Developing Matt

My Technical Journal

Index Internals and usage by Kimberly Tripp

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If you have heard Kimberly speak, you know she loves to talk about indexes.  So this was a class where she could let loose with her love of indexes and run with it.  And it was great!  Every class i take from her is great.  She is passionate about her topics, and that passion is transferred over to the crowd.  I learned a lot and have much to learn!  There are some major points that she hit below and my notes are here: 01_index-internals-and-usagkimberlytrip.  This class might be difficult to read through.  It’s a good class to sit through and listen to her explan as she goes through the slides, but hopefully it will help.

The point of optimization is not to find a good plan….but to find a good plan fast.  This sometimes means that the best plan is yet to be discovered, so modifying and tweaking and testing your query is a must.

Optimization is about selectivity and what determines selectivity?  Statistics.  In sql 2000 you had to watch the number of statistics but in 2005 the more stats the better. 

Sql server has to know how much data is going to be processed before it goes to the data effeciently.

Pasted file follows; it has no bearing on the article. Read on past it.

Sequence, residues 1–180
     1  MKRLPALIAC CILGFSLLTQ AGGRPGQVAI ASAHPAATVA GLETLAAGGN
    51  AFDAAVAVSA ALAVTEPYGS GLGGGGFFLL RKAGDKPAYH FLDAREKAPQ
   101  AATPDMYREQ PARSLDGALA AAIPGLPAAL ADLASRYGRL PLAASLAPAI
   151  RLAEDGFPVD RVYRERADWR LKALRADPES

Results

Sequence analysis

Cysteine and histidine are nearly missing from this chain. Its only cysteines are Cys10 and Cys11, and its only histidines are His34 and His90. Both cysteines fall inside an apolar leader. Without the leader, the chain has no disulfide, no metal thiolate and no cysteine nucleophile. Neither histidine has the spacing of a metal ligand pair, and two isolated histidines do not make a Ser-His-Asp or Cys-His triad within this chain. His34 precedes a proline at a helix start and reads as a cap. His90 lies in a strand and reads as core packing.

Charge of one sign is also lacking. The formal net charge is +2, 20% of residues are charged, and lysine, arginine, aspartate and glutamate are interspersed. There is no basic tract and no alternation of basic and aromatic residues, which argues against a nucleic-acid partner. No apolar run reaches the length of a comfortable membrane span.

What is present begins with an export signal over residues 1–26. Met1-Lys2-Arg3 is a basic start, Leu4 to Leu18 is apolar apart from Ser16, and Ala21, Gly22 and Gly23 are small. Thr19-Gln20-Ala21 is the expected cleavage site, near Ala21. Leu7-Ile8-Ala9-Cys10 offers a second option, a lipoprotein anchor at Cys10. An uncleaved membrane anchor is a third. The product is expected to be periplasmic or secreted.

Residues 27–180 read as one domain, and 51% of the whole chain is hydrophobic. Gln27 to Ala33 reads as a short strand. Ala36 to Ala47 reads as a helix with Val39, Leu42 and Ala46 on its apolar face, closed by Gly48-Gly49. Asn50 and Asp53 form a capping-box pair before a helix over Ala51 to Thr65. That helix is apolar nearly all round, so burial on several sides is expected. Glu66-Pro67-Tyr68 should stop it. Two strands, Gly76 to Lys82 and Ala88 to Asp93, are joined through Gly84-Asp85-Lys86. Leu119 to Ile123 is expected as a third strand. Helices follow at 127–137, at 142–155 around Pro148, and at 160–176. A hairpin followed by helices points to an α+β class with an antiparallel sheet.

Stats on Stats 

  • Stats are stored in sys.stats
  • Stats are not valid between releases (use sp_updatestats)
  • Turn on auto create stats and auto update stats
  • There is a dmv called indexusage
  • Consider adding more statistics using sp_createstats
  • Also recommended: sp_createstats ‘indexonly’,’fullscan’


  • Each page is 8K (8096 if you take away the header(96 bytes)).  There are 400 bytes per row which equates to 20 rows per page
  • How do you see the page count?  SELECT * FROM SYS.DM_DB_INDEX_PHYSICAL_STATS TO VIEW INDEX  
  • Sp_helpindex to view indexes
  • A non clustered index is effectively a mini-table, which means they have a lot of interesting uses (which is why an index on last name, first name, middle initial allows you to search for all three or a combination of)
  • Sometimes wider indexes are better than narrower.  If you are seeking highly selective index names then the narrow index is selective enough.  But it’s useless ot have narrow indexes when your queries are returning 1,2,3% of the data. 
  • What performance tools are available?  She mentioned performance dashboard, the dta utility, and umv’s.

Key points

“Always start with a good clustered index key.  If the non-clustered indexes have to look up the data based on the clustereing key that means the clustering key is in every single non-cluster.  So make sure it’s narrow.   if it’s wide it’s going to make all of your non-clusters unnecessarily wide.  And if it’s not static then it has to go to all these places to keep it up to date.  If it’s not unique, sql server ‘uniquifies’ which is highly costly (on insert, updates, times, and space).  Start with a minimal number of non-clusters.  if pk is not the clustered then make the pk the next index. then create your nonclustered unique keys.  Then manually create indexes on your foreign keys.  Then start adding highly selective search arguments.  And then STOP.”

“Narrow indexes have very few uses, so use wider indexes.”



Written by matt

June 4, 2008 at 7:05 am

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